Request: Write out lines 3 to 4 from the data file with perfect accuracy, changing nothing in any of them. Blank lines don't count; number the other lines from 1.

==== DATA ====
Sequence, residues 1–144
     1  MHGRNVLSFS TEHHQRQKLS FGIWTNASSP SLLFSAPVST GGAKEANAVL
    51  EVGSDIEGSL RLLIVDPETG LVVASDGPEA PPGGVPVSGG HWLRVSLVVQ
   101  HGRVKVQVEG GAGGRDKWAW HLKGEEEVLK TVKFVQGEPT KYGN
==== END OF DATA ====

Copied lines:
    51  EVGSDIEGSL RLLIVDPETG LVVASDGPEA PPGGVPVSGG HWLRVSLVVQ
   101  HGRVKVQVEG GAGGRDKWAW HLKGEEEVLK TVKFVQGEPT KYGN